The obligations that the OEMR Director may act upon include uncontested requests or petitions filed pursuant to section 4 of the NGA, section 205 of the Federal Power Act, and section 6(3) of the Interstate Commerce Act requesting prospective waivers of requirements stated in FERC orders, regulations, tariffs, rates schedules and service agreements in response to steps the movants have taken related to COVID-19. As examples, FERC cites recent waiver requests filed by PJM Interconnection, L.L.C. (PJM) and NYISO. PJM sought waivers to allow for additional time to meet certain deadlines in its Open Access Transmission Tariff due to delays created by work-at-home measures, while NYISO sought waivers of requirements to notarize certain documents. In a related order granted by FERC on April 2, 2020, FERC granted a blanket waiver of requirements to hold meetings in person and/or to provide or obtain notarized documents contained in FERC-regulated tariffs.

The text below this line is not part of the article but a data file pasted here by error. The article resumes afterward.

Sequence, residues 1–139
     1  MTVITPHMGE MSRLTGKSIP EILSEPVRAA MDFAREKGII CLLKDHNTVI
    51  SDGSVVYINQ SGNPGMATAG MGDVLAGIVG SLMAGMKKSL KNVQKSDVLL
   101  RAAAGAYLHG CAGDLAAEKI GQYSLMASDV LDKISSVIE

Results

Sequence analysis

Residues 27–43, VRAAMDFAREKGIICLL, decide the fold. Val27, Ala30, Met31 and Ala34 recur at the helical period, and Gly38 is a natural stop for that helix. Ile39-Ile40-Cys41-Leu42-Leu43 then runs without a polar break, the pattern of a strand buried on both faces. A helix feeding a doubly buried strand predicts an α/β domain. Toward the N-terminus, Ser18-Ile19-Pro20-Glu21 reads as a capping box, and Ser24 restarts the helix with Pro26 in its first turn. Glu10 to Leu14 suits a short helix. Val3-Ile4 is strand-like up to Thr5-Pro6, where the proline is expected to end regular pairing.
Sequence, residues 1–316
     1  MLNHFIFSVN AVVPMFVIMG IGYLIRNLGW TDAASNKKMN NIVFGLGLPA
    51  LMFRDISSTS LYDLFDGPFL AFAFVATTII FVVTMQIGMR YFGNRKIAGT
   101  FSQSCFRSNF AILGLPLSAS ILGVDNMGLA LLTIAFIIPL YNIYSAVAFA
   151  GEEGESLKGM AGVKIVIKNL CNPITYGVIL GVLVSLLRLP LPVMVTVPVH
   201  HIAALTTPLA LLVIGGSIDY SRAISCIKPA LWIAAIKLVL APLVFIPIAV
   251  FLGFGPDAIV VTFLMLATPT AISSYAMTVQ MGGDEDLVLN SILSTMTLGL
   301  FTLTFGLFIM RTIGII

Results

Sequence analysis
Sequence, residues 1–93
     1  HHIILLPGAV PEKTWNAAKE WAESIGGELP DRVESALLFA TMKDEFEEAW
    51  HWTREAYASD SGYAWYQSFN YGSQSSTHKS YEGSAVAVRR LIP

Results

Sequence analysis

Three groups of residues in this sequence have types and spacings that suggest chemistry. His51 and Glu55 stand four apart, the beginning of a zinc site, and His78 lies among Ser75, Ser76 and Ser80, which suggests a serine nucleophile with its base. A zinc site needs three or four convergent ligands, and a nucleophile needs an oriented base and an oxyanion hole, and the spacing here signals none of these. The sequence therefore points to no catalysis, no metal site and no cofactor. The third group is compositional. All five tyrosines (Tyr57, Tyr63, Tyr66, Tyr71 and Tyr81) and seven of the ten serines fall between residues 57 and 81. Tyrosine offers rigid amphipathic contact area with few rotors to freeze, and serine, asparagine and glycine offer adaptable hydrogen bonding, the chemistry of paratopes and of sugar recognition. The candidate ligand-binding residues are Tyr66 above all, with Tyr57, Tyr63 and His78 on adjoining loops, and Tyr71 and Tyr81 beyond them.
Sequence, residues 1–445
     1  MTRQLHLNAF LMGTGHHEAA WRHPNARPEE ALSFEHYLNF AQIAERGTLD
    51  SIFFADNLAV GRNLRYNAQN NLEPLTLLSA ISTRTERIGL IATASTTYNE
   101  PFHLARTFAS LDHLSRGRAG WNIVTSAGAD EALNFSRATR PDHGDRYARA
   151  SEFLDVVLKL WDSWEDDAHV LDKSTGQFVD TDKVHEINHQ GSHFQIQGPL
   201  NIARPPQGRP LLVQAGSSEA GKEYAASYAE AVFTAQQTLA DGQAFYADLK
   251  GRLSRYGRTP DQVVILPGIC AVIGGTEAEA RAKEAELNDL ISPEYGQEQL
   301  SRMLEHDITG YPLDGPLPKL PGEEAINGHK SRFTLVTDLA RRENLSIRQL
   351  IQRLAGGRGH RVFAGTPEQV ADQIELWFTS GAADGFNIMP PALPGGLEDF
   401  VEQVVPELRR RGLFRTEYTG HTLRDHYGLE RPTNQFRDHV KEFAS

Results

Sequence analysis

This temporary delegation to the Director of OEMR is in addition to delegated authority already contained in Part 375 of FERC’s regulations, 18 C.F.R. § 375.307.